This is really a genuine disease that comes from within the genetic code of the dog. Have they worked with their vet at all on their end for the overall health of the dog? Do they have a care program they do at home at all?
It isn't possible to get it to end from where we stand in the salon each day. But- we can help.
You mentioned that you are using oils to help soften the growths and that does help. Keeping the pads well hydrated does help them to shed better and lessen the hardness of the feet for walking. The same goes for their noses- while most anything we apply to the nose will be licked off superficially, rubbing it well into the skin will give added benefit if you take the time to apply it well. For the nose it is very important to not use anything with strong scent as this can be irritating to the pet. I have Dr. Rose Remedies salve and I like it for things like this. On the paw pads, what I do for those who have overgrown callous, dry cracked feet or weepy nail beds from yeast is first a vinegar soak. Plain apple cider vinegar for 3 to 5 minutes before their bath. Then I wet the dog down to get ready to apply their shampoo. Then I go back & pack the feet & cover the pads with colloidal oatmeal powder that I wet with my fingers so it is like a paste. I leave that on while I wash the entire dog. I wash the feet last with the same shampoo I used on the pet. Then I rinse it out completely as I rinse the rest of the dog before the end of the bath. I will try to rub off as much off the dead callous as possible while rinsing the pet and that leaves the pad more open to absorb topical moisture products. On my table, I apply the Paw Massage Oil that I have which is available from my Canine Spa Therapies product line- its base is Extra Virgin Olive & Vitamin E oils, but you could possibly make your own to have on hand with simple knowledge of oils and how certain ones benefit the body. (However, it is readily available for the pet industry!) I rub this in very thoroughly before I even blow dry the dog so that it can absorb for the rest of their visit. Both of these oils are fast absorbers and help repair and encourage emerging new skin cell layers. From there, I finish the groom, and let that sink into the feet well. After the groom, I lift each foot and apply either my Paw Balm from Canine Spa Therapies, or I also like Davis' Pad Repair Cream as well. Rub this in well so that you know it won't get all over the client or their car. In one case, I do have a dog that comes in just for feet care between grooms. The dog gets the feet washed, packed, exfoliated, then I apply warmed oil and leave that on under the rubber slip on booties (they look like a deflated balloon) for about 10 minutes. They then come off & the pet gets the Paw Balm, the nail trim, and a paw massage during the course of this care. I have also heard of other groomers applying pure Vit.E oil with a cotton ball to the feet, or applying Bag Balm, or pure Bees Wax, or just even a heavy duty grooming industry paw cream or balm can help moisturize. I would not go with just a simple wax since you want attributes within the wax, cream or oils that genuinely penetrate and offer their healing properties for the damaged skin cells.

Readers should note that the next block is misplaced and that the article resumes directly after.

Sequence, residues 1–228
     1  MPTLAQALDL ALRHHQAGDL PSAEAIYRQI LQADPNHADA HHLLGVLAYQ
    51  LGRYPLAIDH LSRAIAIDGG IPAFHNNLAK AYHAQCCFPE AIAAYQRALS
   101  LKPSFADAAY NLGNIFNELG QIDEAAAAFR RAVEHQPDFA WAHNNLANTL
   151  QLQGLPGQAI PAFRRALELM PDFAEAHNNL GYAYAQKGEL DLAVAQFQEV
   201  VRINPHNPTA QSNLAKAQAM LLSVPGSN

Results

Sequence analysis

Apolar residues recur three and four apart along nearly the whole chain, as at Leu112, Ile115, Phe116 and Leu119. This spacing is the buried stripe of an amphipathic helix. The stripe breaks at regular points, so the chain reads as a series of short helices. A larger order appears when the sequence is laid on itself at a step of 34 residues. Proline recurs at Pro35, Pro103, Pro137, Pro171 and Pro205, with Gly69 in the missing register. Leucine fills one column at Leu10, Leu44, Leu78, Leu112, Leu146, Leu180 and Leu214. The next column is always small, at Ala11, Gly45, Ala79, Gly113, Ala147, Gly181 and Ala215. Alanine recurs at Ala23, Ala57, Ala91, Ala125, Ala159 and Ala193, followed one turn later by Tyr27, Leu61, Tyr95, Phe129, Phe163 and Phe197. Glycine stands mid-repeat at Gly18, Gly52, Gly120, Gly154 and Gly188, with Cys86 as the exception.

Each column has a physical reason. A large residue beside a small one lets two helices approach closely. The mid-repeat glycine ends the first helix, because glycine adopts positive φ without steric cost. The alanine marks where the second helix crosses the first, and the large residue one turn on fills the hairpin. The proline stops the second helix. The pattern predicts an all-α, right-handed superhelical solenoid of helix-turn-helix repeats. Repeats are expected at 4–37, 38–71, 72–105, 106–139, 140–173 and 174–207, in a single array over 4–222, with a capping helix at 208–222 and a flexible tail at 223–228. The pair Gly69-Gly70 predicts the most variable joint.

The problem with this disease is the way that it tells the body to keep creating keratin layers- so it is important to not do anything to the feet by deep mechanical exfoliation that will tell the skin to work on repairing damage- or we could make it worse. Just keeping the feet moist gives comfort and us removing what is very ready to come off will help with buildup that also causes discomfort.
Also, I ask that these clients have their pets in for regular nail trims so that I am sure the feet get pressure on them evenly and not have any additional pain from overgrown nails.
Human kindness has never weakened the stamina or softened the fiber of a free people. A nation does not have to be cruel to be tough. ~Franklin D. Roosevelt